Master of Library Science student Michael Eshleman explored the Lilly collections for a manuscripts class. Part of the class requires students to go through the Lilly documents and curate a small exhibit for the library.
Eshleman said because of his interest in movies, he focused on Lilly’s collections dealing with films.
He came across documents that he recognized as part of the “Citizen Kane” controversy and started to look further into the ?collection.
“Citizen Kane” tells the story of millionaire newspaper tycoon Charles Foster Kane. The screenplay was written in the spring of 1940. When it was released one year later, the screenplay was credited to Herman J. Mankiewicz and Orson Welles.
A few years later, New Yorker film critic Pauline Kael published a story detailing the theory that Welles did not actually write the screenplay and instead just put his name on it.
The Lilly Library’s collection contains documents from Kael, Welles and the film director, Peter Bogdanovich.
Eshleman analyzed and curated different documents detailing the controversy and explored how Kael developed the accusations.
“She’s a very passionate writer,” Eshleman said. “When you read her stuff, it’s exhausting. She gushes. She has so much energy in her writing.”
According to documents in Lilly’s collection, Kael relied heavily on information that she obtained from a professor at UCLA who had conducted research and interviews with people involved.
After Kael’s story came out, Welles said she made no attempt to contact him and that the story was biased.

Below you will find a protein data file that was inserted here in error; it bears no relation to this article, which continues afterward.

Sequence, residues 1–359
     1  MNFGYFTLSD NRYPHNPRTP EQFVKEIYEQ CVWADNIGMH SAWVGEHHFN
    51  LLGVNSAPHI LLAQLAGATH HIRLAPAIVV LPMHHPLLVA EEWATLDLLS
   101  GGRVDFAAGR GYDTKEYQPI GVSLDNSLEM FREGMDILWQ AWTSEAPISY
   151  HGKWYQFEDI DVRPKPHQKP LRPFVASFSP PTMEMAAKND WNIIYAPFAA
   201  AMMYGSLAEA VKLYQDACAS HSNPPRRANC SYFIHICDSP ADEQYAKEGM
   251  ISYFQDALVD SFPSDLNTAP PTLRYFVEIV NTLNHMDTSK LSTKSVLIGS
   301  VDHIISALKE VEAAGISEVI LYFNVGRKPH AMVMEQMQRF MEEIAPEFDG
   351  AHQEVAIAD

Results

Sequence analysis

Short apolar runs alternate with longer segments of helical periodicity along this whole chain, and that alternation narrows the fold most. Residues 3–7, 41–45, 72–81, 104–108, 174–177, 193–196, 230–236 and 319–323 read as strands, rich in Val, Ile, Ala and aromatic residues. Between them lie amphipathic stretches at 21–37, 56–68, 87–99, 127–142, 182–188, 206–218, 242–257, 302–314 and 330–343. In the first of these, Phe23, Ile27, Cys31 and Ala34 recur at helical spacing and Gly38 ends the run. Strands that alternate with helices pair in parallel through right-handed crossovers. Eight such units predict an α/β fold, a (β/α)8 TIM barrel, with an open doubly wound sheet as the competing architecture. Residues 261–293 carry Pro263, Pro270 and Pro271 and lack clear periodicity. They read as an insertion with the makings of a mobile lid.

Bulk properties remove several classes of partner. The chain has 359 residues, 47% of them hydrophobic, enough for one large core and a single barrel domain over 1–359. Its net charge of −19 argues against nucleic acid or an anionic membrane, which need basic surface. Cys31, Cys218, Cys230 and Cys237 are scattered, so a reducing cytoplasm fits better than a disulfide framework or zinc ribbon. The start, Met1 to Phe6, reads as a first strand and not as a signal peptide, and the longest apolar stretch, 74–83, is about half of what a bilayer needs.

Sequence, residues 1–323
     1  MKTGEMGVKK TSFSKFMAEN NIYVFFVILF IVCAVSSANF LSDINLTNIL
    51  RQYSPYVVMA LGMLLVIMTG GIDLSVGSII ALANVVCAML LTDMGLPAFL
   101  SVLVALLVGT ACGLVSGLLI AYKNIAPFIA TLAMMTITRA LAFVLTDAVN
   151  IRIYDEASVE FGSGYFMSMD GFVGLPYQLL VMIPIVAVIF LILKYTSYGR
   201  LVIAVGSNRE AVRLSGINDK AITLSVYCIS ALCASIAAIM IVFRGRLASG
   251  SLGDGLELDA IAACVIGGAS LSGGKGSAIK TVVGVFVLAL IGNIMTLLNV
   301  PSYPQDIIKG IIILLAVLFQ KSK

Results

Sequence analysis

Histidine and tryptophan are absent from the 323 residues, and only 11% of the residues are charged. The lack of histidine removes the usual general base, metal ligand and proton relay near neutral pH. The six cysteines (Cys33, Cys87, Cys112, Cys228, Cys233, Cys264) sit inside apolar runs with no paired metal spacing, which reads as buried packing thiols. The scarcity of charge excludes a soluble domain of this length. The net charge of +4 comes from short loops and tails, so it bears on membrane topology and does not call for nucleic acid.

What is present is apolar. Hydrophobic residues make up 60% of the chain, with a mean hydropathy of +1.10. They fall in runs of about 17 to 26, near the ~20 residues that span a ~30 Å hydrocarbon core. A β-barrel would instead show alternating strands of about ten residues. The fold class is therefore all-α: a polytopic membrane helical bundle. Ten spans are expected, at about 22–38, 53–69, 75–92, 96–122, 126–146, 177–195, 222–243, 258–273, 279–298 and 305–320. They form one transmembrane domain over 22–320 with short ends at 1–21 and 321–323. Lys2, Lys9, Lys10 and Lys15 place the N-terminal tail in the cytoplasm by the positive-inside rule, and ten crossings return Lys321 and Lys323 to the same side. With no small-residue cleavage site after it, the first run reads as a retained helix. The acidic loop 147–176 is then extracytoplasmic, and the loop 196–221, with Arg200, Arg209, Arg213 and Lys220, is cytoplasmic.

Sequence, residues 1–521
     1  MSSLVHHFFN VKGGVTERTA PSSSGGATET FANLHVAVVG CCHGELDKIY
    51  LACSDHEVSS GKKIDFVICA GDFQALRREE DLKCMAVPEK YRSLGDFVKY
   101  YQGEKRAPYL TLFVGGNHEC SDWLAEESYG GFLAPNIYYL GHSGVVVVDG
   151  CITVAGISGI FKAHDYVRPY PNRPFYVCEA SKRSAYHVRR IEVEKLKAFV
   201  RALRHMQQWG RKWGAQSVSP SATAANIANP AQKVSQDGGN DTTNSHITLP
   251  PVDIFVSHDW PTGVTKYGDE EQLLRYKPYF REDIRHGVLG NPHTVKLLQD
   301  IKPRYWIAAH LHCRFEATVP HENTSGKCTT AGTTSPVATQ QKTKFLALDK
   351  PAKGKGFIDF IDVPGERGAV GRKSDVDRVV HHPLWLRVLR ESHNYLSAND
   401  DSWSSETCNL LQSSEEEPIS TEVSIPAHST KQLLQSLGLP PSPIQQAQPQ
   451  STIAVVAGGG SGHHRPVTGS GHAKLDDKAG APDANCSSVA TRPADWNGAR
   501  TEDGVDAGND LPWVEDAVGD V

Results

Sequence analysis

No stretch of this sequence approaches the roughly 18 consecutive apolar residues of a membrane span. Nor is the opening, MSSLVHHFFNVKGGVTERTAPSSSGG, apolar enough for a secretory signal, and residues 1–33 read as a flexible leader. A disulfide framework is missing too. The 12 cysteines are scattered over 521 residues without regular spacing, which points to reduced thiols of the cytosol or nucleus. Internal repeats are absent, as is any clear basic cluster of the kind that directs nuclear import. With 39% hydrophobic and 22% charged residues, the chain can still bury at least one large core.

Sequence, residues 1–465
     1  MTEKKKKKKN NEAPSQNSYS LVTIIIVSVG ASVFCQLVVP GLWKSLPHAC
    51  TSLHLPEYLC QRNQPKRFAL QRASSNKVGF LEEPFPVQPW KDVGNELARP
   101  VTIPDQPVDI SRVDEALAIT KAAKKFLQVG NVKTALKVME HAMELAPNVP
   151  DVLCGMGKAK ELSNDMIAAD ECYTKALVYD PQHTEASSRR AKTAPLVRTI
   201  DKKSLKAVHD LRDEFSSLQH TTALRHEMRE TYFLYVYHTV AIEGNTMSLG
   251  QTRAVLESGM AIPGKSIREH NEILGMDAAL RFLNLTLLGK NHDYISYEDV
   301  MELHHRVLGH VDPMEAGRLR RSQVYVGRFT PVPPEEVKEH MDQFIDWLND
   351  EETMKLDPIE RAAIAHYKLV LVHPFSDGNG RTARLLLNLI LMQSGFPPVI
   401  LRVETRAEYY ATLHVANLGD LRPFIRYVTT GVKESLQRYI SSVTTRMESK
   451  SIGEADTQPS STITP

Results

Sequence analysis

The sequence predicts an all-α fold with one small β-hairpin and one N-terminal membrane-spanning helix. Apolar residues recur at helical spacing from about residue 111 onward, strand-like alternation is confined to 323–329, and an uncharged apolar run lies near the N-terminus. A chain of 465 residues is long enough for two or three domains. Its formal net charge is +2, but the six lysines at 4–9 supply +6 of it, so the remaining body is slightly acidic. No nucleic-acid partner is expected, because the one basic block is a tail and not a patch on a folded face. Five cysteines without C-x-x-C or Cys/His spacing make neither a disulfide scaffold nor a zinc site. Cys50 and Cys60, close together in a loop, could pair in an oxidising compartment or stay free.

In the end, Welles still claimed that the screenplay was a joint work and that he had every right to put his name on the credit.
Eshleman began working on the exhibit a few weeks into the semester. Since then, he has read through many documents related to the case.
“There was a lot of material to work with,” he said. “There’s so much stuff and a lot of neat things. It was thrilling to touch all of these papers signed by famous people.”
Eshleman said one of the most interesting things he encountered while reading through the documents was how disorganized Welles’ company was.
In the collection, there are letters from many different lawyers complaining that bills had not yet been paid by the company.
The most interesting letter by far, Eshleman said, was from composer Aaron Copland himself complaining he had not been paid for his compositions for a play Welles commissioned.
Through the exhibit, Eshleman said he hopes viewers can gain a bit more understanding of the controversy surrounding the movie and learn about what Lilly has to offer.
“I hope they realize what really fascinating collections they have at Lilly,” he said. “I had no idea what kind of stuff was over there.”
The exhibit is open through the rest of this week and weekend.